Is it possible to overcome your past personal baggage without it getting in the way of your future? Does it come at a high price? That's part of the premise behind the DVD release of "Only God Forgives," which followed multiple characters in their quest for revenge over one act of brutal random violence that just started a war that no one could stop. Unfortunately, the movie was off to a very good start, but it got lost in the shuffle of juggling one too many ideas in only a 90 minute time span.
"Only God Forgives" followed a troubled American named Julian (Ryan Gosling) who fled the country after killing someone. He began a new life in Bangkok that required him to manage a boxing club by day, which functioned as a front for his family's successful drug business. Julian's older brother Billy (Tom Burke) also helped to take care of things that Julian was unwilling to go near. Sadly, Billy wasn't able to escape his darker impulses when he wasn't working. He ended up murdering a local prostitute, which put him in the path of an honor obsessed cop named Chang (Vithaya Pansringarm) that allowed Billy to be killed as a punishment for his crime. Julian also had to contend with his overbearing mother/boss Crystal (Kristin Scott Thomas) coming to town in an effort to kill everyone who was involved with Billy's death. She basically pushed Julian into doing her bidding, even when he believed that his brother got what was coming to him. Julian turned to a local girl named Mai (Yayaying Rhatha Phongam) who he often paid to have the pleasure of her company without ever truly touching her. When Crystal believed that her son wasn't moving fast enough, she authorized her own assassin to go after Chang, which backfired and led to multiple casualties on both sides. Crystal's actions led to a major confrontation between Chang and Julian that changed everything for both men. Who will survive the battle and who will win the war to fight another day?
In terms of questions, the movie asked quite a few that sadly weren't really answered because it was hard to determine what was part of the story and what wasn't. The movie's simple revenge premise had some potential, but it was squandered due to an unclear execution. It was ironic that a plot driven film had very little action going on, until the last 30 minutes or so when it truly kicked into overdrive. The only problem was that the last minute action was too little too late for viewers to get invested into the story. There were also way too many wordless fantasy sequences that didn't make much sense in the beginning of the film, and a few that went on for far too long. One sequence showcased Julian and Chang somehow crossing paths even before Billy was killed, but it was done in such a way that it almost seemed like Chang's presence was almost a strange red herring of things to come. If the sequence had some dialogue, it might have made some semblance of sense to the audience. It's a shame because the movie had the promise of being another great film noir type movie from Nicolas Winding Refn who made waves last year with his U.S. directorial debut "Drive," which balanced thrills, chills and the appropriate amount of character development which was sorely lacking this time around. It also didn't help that the movie's overall tone felt rushed from start to finish because the filmmakers were pressured to make their release date instead of paying a little more attention to detail. Hopefully, Refn will take a little more time in focusing on the details when he works on his next film.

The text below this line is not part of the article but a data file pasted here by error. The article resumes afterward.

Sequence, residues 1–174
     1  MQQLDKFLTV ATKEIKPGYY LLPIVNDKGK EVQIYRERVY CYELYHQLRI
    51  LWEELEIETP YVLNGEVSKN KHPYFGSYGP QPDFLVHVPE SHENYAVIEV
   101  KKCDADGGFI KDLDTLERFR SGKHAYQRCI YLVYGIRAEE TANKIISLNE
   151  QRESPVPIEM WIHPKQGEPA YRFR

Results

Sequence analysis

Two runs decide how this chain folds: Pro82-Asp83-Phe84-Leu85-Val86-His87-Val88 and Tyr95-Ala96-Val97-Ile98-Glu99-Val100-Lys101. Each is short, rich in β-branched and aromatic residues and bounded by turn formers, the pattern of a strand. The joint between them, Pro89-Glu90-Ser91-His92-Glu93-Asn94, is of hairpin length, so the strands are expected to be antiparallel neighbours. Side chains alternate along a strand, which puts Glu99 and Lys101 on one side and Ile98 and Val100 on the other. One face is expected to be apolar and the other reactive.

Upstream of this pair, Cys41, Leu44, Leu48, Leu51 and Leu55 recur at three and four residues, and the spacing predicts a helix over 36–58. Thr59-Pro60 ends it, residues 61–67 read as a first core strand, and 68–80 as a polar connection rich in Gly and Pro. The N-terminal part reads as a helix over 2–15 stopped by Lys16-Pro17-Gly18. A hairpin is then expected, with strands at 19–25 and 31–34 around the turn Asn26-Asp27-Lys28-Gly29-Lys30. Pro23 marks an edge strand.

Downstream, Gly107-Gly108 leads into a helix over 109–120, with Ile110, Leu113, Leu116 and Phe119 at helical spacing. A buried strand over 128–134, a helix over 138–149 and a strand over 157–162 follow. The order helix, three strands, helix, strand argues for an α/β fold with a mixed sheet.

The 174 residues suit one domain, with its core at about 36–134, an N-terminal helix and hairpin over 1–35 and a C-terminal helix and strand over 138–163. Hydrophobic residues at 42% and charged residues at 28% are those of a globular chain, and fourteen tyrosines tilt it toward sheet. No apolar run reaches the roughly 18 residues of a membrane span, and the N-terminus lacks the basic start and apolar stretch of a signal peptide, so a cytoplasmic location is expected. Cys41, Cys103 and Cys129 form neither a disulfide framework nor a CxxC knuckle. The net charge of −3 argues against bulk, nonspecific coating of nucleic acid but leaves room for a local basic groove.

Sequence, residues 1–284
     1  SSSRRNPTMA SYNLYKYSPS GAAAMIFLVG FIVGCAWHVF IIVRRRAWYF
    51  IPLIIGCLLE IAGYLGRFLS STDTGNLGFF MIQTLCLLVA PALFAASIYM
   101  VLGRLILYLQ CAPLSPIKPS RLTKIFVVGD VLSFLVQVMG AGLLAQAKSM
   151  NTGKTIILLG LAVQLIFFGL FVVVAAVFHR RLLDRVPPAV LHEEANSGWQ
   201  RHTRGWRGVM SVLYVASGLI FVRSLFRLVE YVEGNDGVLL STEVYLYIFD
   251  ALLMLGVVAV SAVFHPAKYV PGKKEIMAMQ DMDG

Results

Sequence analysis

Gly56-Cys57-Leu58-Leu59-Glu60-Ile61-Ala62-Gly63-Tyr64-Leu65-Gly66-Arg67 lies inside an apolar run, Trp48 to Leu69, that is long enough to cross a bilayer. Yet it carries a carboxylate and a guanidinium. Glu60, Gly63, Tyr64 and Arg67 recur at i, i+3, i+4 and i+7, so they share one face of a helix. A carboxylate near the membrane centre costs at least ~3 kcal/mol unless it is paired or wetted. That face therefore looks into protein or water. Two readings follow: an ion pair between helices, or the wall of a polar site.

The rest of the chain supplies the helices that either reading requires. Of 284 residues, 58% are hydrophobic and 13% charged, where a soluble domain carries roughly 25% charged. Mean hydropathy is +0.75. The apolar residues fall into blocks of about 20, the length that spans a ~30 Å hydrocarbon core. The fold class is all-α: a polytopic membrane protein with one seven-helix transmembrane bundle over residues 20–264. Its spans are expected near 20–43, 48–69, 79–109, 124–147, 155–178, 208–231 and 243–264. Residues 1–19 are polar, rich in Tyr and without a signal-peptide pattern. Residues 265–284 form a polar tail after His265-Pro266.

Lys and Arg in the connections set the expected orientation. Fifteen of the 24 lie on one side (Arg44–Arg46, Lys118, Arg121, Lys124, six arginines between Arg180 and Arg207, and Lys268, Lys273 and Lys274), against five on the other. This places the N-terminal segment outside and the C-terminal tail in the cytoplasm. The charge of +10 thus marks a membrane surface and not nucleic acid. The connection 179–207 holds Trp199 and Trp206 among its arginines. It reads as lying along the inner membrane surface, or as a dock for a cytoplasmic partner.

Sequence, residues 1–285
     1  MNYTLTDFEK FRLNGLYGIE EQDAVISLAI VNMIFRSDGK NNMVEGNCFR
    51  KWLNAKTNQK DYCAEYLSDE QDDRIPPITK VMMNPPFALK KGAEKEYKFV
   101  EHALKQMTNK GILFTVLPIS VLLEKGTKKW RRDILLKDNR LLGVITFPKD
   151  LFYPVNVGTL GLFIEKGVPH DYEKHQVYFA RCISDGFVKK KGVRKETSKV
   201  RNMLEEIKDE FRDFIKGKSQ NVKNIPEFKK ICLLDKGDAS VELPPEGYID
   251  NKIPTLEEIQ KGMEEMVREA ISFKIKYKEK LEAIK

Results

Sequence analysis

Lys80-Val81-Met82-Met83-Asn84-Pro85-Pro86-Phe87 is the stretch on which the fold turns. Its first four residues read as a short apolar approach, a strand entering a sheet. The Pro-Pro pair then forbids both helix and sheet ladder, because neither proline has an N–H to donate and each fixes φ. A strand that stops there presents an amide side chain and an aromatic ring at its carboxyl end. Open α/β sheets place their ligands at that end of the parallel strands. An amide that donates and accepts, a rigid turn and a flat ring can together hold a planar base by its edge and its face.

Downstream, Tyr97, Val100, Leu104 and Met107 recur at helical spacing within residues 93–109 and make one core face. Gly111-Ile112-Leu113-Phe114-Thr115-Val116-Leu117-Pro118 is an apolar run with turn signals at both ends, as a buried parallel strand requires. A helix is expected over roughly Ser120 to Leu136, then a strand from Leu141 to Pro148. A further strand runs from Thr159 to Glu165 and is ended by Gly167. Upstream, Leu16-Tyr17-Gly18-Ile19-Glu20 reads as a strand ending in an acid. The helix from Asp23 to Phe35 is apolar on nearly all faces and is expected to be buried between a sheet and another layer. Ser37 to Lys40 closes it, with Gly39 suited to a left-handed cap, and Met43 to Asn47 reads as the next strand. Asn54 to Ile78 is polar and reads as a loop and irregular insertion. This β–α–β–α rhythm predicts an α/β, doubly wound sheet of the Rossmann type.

In terms of breakout stars, Scott Thomas and Pansringarm led the pack as two very different characters who went to great lengths to exact revenge. Scott Thomas' Crystal managed to leave a very strong impression as soon as she arrived in Bangkok. Her character managed to add fuel to an already growing fire as she barked orders to anyone who crossed her path. Scott Thomas managed to provide Crystal with the right amount of vulnerability and sometimes inappropriate grit as her character grieved the loss of one son who could do no wrong in her eyes, while the other was treated like a second class citizen for being the one who lived. She allowed her character to be a fascinating character study of how power and violence could corrupt someone who was meant to be a nurturing figure rather than the complete opposite. Scott Thomas had the ability to pretend to be a loving mother and could switch right into publicly humiliating her son within a matter of seconds, which the character did when Julian brought Mai to meet Crystal in a failed attempt to please her. Pansringarm, on the other hand, had the challenging task of portraying an anti-hero who had just as much blood on his hands as Crystal. He embodied Chang with the right amount of force and vulnerability that he only shared with his young daughter as a way to leave the violence behind. His most memorable scene came when Chang was forced to confront Crystal after the body count rose too high. He conveyed a lot on-screen without having to say very much, but his lethal actions definitely spoke more volumes than Gosling did in the entire film. Let's hope that Gosling and Refn choose a little more carefully when they inevitably make their next film together in a way to learn from their mistakes with this film.
Verdict: Despite a promising premise, the movie suffered from a disorganized script that only focused on plot and failed to develop the main characters properly in a way that viewers could root for them at all.
DVD Score: 2 out of 5 stars
Movie Rating: R
1 Star (Mediocre)
2 Stars (Averagely Entertaining)
3 Stars (Decent Enough to Pass Muster)
4 Stars (Near Perfect)
5 Stars (Gold Standard)